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Residents replace a home’s roof that was torn off by hurricane Fiona in the low-income neighbourhood of Kosovo in Veron de Punta Cana, Dominican Republic, on Sept. 19. Ricardo Hernandez/AP

Fiona is the first hurricane to directly hit the Dominican Republic since Jeanne caused severe damage in September 2004. One man was killed in a tree fall in the coastal town of Matancitas, north of capital Santo Domingo, officials said.

View of a park in Samana, Dominican Republic, on Sept. 19, after the passage of hurricane Fiona. Erika Santelices/AFP via Getty Images

Hurricane Fiona left several highways blocked, and a tourist pier in the town of Miches was badly damaged by high waves. At least four international airports were closed, officials reported.

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Civil defence personnel and firefighters work removing fallen trees from the highway that connects the provinces of Maria Trinidad Sanchez and Samana, Dominican Republic, on Sept. 19, after the passage of hurricane Fiona. Erika Santelices/AFP via Getty Images

The Dominican president, Luis Abinader, said authorities need several days to assess the storm’s impact. He plans to declare a state of disaster in the provinces of La Altagracia, home to the famed resorts of Punta Cana, El Seibo and Hato Mayor.

“The damage is considerable,” Abinader said.

Broken umbrellas lie on the beach, felled by hurricane Fiona in Punta Cana, Dominican Republic, on Sept. 19. Ricardo Hernandez/AP

Where is hurricane Fiona tracking now?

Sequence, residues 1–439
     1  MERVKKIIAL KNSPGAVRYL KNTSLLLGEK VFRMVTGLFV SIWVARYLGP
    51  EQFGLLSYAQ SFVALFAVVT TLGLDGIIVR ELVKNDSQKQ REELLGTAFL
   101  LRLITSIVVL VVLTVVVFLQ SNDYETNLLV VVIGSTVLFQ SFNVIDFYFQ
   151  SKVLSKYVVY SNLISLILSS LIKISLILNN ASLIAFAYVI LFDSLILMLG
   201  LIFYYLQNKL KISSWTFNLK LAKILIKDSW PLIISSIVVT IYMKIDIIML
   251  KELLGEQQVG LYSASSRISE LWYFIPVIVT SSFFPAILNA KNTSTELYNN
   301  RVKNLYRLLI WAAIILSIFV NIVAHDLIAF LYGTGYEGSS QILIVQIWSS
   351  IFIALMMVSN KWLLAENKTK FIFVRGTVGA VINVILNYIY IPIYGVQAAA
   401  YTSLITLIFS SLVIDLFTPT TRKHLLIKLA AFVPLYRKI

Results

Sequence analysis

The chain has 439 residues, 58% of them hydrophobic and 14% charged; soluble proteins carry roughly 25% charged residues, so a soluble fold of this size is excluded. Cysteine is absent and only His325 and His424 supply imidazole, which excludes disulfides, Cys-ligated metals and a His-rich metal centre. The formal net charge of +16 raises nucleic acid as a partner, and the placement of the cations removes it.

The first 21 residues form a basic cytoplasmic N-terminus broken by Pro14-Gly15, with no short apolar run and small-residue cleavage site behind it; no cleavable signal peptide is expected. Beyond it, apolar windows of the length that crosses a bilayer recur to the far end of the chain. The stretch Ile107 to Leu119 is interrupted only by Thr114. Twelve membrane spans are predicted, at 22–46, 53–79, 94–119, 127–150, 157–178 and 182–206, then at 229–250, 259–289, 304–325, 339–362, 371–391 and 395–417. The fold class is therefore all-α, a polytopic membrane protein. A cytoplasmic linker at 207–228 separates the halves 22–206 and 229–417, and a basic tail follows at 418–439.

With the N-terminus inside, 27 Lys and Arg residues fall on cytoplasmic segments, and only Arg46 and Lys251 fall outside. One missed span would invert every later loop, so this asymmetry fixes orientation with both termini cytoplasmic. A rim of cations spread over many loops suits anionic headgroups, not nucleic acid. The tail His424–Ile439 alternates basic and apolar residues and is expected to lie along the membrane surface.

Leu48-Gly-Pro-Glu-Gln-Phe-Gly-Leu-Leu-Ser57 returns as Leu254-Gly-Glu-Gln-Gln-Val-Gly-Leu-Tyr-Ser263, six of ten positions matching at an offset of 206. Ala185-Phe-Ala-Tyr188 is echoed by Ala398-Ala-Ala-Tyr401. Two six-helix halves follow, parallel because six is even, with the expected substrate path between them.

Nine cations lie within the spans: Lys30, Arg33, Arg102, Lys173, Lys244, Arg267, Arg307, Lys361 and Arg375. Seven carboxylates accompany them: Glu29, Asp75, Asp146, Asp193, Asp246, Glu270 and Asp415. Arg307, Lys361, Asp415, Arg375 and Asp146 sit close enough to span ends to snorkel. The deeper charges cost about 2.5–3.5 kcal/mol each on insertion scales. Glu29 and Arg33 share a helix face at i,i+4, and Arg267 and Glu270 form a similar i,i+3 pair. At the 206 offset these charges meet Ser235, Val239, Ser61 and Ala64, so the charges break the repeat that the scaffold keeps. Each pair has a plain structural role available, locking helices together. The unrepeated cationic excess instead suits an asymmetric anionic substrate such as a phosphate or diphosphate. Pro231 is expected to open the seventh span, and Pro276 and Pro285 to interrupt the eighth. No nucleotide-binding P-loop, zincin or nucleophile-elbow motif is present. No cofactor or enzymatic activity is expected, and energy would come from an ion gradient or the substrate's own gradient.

Bermuda is the path of hurricane Fiona as it tracks north later this week, hurricane officials in the United States say. The U.S. National Hurricane Center said the storm is likely to strengthen further as it approaches the island nation by late Thursday.

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Environment Canada is tracking hurricane Fiona. The tracker says Nova Scotia and N.L. could feel its effects by Saturday. Environment Canada photo

Environment Canada, meanwhile, issued a tropical cyclone statement Tuesday for most of Atlantic Canada. Fiona is expected to “transform into a large and potent post-tropical storm by Saturday,” the national weather agency said in a statement.

Although Fiona will no longer be a hurricane by the time it’s expected to reach Atlantic Canada, meteorologist Ian Hubbard with the Canadian Hurricane Centre said “it will still be a very powerful and strong post-tropical storm.”

There is currently an 800-kilometre range of uncertainty centred near eastern Cape Breton, according to Environment Canada. The area of uncertainty is going to reduce in size later this week, and forecasters will have more details on the expected impact then.

Read more: Canadian Hurricane Centre watching Fiona as it tracks towards east coast

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“We’ll see some very strong, possibly damaging winds, probably a lot of heavy rainfall over some areas. And we are expecting to see some coastal flooding, in terms of large waves and storm surge at some point,” Hubbard said.

Fiona’s track shows it could affect Nova Scotia, P.E.I. and Newfoundland and Labrador by this weekend. Atlantic Canadian residents should start preparing for the potential impact, Hubbard said.

“It’s a very good time to start thinking about this storm, paying attention to it, paying attention to the latest forecast, maybe get an idea of some of the things you want to do to prepare,” he said.

“Whether that’s supplies, batteries, that sort of thing, this is the time to really start thinking about that.”

— with files from Global News’ Karla Renić, The Associated Press and Reuters